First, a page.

Begun in 1762, and completed in 1773, the St. Ursen Cathedral has long-served as the focal point for both worship and tourism in Switzerland’s most significant baroque town. In early January 2011, someone set a fire which wreaked massive damage throughout the Cathedral’s 2000 + sq. ft. congregation hall.
- When the smoke cleared, the entire white/gray lime rock interior, which had shone like marble for centuries, was encrusted with a foul grayish residue. The Cathedral was closed to the public and a plan for restoration developed.
- The situation was carefully assessed; extensive tests and studies determined that a full cleaning and repair of all surfaces was a prerequisite to restore the damaged room to its former glory. The restoration operation commenced under the direction of Pius Flury and Iwan Affolter of Flury und Rudolf Architekten AG (Switzerland). The project encompassed every aspect of the building: surfaces, art, lighting, heating, electrical, and the electro-acoustics infrastructure.
- St. Ursen Cathedral, which has served as the Seat of the Roman Catholic diocese of Basel since 1828, is graced with a number of extraordinary aesthetic assets. These include: Stucco by Francesco Pozzi; a carefully preserved ancient Cathedral Treasury (on display in a separate museum), a remarkable High Altar, comprised of eleven different types of marble; two fully independent organs, both still frequently used for concerts; and 11 church bells from the mid 1700s, the largest of which weighs over 4000kg (8800 pounds).
In a fortunate coincidence, the Walters-Storyk Design Group’s European headquarters are located in Basel, a short drive from Solothurn. Company Partner/ European GM, Dirk Noy, was very familiar with the Cathedral, and honored to be awarded the electro-acoustical portion of the project. Adding another coincidence to the story, Noy and WSDG had played a key role in the electro-acoustical restoration of NYC’s Central Synagogue after that iconic house of worship was reduced to a burned-out shell following an accidental construction fire in 1998.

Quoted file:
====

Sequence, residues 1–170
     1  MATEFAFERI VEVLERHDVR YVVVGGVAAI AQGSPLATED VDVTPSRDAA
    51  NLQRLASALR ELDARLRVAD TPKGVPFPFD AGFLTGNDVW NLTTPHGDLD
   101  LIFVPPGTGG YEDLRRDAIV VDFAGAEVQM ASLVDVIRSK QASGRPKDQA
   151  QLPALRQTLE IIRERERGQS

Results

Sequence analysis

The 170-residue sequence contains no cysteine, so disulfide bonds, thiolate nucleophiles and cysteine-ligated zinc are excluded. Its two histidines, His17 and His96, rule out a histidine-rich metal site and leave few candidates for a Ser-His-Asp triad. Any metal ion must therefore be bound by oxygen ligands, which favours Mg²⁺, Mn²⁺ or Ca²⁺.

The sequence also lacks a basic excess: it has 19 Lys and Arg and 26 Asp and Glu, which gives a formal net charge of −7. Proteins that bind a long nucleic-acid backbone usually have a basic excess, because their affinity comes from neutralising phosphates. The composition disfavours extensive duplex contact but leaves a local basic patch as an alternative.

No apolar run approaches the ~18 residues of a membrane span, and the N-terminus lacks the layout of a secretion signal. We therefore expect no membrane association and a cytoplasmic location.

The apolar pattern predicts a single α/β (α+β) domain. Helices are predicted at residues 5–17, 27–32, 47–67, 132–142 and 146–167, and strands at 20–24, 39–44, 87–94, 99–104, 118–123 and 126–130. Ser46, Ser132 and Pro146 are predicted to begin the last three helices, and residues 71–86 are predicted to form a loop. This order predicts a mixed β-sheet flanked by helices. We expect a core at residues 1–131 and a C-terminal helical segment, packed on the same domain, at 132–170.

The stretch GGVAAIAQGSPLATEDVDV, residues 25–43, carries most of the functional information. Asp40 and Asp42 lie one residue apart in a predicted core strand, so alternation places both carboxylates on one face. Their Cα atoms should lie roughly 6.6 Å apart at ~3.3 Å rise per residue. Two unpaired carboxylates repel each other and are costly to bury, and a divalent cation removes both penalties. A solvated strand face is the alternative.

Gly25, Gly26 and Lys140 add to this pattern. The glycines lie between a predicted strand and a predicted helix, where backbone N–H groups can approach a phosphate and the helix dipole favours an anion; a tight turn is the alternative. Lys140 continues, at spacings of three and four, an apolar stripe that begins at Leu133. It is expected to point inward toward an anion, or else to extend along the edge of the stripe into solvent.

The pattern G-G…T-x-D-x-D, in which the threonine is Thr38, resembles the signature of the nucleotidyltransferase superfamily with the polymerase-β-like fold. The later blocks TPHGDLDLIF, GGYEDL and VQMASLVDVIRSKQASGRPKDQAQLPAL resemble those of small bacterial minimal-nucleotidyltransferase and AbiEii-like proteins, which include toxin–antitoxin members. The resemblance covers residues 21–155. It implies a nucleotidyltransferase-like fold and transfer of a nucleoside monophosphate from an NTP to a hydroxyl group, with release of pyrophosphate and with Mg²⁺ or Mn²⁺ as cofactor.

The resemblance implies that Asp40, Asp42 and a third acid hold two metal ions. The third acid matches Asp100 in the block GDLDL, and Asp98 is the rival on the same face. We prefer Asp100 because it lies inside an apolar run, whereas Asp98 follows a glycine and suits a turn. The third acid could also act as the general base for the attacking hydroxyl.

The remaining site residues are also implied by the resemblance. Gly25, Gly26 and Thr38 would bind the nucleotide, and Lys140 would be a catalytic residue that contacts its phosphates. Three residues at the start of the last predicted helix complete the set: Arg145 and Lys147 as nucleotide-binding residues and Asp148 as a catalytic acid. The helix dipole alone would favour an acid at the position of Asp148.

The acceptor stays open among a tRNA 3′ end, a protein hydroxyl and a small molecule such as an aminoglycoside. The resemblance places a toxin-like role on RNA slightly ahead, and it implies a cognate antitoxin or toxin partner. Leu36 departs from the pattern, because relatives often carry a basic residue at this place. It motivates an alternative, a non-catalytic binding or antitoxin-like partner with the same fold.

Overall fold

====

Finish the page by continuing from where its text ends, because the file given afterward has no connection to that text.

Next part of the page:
WSDG began conducting extensive acoustical measurements, to obtain a “status quo” documentation and to serve as a base for the predictive simulation software findings. Although RT60 Reverberation Times exceeded 6 seconds at 500Hz – and a reduction would have been helpful to achieve improved speech intelligibility, changing the materialization of the building was unacceptable. Further complicating the project, new measurements taken following the initial restoration revealed that the RT60 Reverberation Times were even higher after the accumulated dirt and gray burn residue were cleaned.
To resolve this challenge, WSDG specified various Stoll Audio loudspeakers along with a total of eight CVS Clearvoice Evolutone (2x 3000, 2x 2000 and 6x 1000) steerable array loudspeakers. These recommendations were based on the speakers long-range throw, highly sophisticated steering algorithms and high speech intelligibility, all of which were vital to reach the target values. The loudspeakers are driven by a networked BSS Soundweb DSP backbone, and controlled by a Crestron touchpanel. Gateways to other building management components (lights, heating, church bells etc.) were also stipulated to facilitate full building control from a centralized panel. Other technical components selected for the renovated system include: Beyerdynamic, and Shure Microphones; and Lab Gruppen Amplification. The System Installation was undertaken by the local specialist team of Gfeller Licht- und Tontechnik AG under guidance of Stefan Gfeller.
Dirk Noy reports that a number of custom solutions were engineered and implemented, to meet the sophisticated demands of this system upgrade. These included auxiliary in-and outputs for broadcast trucks, exterior courtyard locations and a time-critical audio/video monitoring and communication system for the dual organ players who are positioned 1/5 second (60m - 200ft.) apart while performing their duets.